UPDATE: Congratulations to Megan Jean and the KFB for winning Floydfest’s Under the Radar series! Can’t wait to see you at the main stage at Floydfest 2013, hopefully with a new album and a new band in tow. (And congrats to Spirit Family Reunion for their third place finish. I’m sure we’ll see y’all again as well.)
Mr. Universe is back where he ought to be: Off the road! What a July that was! I have a whole backlog of stuff to share with all of you lovely readers, and a month before school starts. I will do my best to get back to posting at least once a day and talking about presidential museums, the Revolutionary War, music, teaching, and a whole lot more that I’ve been thinking about.
The next few posts are going to be dedicated to my four days and three nights at the always wonderful Floydfest. Floydfest is located on a massive property in Floyd County, Virginia, located on the Blue Ridge Parkway in southwestern Virginia. The celebration of roots music is now in its 11th year, and past headliners have included the Old Crow Medicine Show, Robert Randolph and the Family Band, the Avett Brothers, and Grace Potter, to name a few nationally known acts. This year’s lineup was particularly packed, and included Jackson Browne, Alison Krauss and Union Station, the Drive-By Truckers, Matisyahu, Galactic, Brandi Carlisle, the Punch Brothers, and many more which I will highlight in future posts.
I want to take this post to highlight two of my favorite performances of the whole weekend, each of which came from lesser known performers in the Under the Radar series.
Floydfest is exciting to me, because of the opportunities it gives young musicians to demonstrate what they can do for a large and receptive audience as part of the Under-the-Radar series.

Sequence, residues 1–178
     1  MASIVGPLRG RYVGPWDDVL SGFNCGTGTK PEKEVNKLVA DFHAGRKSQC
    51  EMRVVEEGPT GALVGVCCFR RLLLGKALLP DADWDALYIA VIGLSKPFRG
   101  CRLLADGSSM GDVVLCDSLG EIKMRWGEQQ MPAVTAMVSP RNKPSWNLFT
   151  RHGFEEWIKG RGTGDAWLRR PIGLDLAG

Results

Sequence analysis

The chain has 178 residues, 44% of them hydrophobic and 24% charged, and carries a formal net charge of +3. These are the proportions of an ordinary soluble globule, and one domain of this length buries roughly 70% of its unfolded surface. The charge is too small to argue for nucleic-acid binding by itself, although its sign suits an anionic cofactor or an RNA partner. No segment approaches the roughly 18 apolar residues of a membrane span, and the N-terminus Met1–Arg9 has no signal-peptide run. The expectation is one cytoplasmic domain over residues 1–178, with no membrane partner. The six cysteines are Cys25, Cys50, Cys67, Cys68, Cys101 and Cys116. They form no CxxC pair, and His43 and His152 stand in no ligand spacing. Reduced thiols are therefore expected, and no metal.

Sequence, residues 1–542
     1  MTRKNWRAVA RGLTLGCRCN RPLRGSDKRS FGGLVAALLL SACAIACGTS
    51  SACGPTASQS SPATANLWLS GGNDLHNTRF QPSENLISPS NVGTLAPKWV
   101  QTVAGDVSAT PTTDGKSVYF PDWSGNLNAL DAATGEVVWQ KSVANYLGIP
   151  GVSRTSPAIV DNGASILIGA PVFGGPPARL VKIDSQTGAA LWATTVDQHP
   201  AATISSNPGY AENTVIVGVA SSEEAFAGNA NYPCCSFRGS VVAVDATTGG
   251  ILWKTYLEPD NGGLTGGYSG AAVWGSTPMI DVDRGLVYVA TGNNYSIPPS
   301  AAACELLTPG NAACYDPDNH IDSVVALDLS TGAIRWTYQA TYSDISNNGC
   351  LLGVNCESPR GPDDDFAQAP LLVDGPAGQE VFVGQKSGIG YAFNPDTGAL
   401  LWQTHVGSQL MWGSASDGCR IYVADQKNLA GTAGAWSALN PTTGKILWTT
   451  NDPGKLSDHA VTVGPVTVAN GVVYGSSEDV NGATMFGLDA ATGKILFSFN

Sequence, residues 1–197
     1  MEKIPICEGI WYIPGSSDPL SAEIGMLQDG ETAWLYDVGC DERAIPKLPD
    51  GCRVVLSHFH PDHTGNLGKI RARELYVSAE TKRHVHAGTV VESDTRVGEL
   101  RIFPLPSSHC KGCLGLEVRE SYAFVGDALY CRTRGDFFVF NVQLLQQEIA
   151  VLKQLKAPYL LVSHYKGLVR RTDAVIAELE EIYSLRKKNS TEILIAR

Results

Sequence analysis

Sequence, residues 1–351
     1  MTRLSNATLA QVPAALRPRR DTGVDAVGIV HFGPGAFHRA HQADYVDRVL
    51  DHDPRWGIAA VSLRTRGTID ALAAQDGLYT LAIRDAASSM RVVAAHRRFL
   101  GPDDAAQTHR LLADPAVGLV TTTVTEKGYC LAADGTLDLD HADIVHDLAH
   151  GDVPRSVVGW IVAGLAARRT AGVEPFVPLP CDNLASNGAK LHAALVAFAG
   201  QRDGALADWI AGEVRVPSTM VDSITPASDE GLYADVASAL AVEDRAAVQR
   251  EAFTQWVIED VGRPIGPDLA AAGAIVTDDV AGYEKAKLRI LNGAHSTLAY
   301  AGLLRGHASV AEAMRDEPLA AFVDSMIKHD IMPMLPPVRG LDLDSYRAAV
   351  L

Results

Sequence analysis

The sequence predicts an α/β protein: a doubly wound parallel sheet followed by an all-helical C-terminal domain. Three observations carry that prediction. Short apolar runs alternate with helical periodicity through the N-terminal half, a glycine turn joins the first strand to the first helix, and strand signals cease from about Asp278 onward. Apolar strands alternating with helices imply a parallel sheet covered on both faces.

The rules are simple: Floydfest gives you a stage (generally for two sets of 45 minutes apiece) and a spot in the merchandise tent to sell your CDs. Floydfest attendees then vote on which musician in the UTR series they like the most. The winner of the contest gets a package of audio equipment, guaranteed studio time, and a guaranteed main stage performance at the festival next year. 2nd place also gets equipment and a slot in the festival next year. Now here’s the catch: None of the musicians in the UTR series are getting paid for their efforts. Now my union self has some serious problems with that, but I’m hoping that most musicians are able to break even on album sales.
A Taste of Carolina Across the Bridge- Spirit Family Reunion
Many of the artists were local or regional favorites (Grass Monkeys from Roanoke, Farm Vegas from Richmond), while others came from further away.
The artist who may have traveled the longest way for the series was Spirit Family Reunion.
A quick listen, and you might imagine these folks learned their craft at the feet of the Old Crow Medicine Show in the mountains of North Carolina. But in fact, all of the musicians met each together at the Beacon School, a prestigious public school in Manhattan, and now live in Brooklyn, home to a thriving folk music community. This is bluegrass-inspired music with a strong backbeat that distinguishes them from many another roots revival band you’ll find in towns big and small across the country. Each of their songs features beautiful and ragged harmonies and tight musicianship, particularly on fiddle and banjo. And give them a stage big or small and they still stay close together so they can truly play with each other.
What really makes them stand apart are their lyrics. This is a smart and earnest band that uses word play and imagery but never hides behind it. Their songs deal honestly with broken relationships, death, and loneliness, as well as joy and love in ways that uplift the soul. You won’t leave one of their shows downhearted or dejected, and you may even feel the spirit yourself. In short, this is life-affirming music.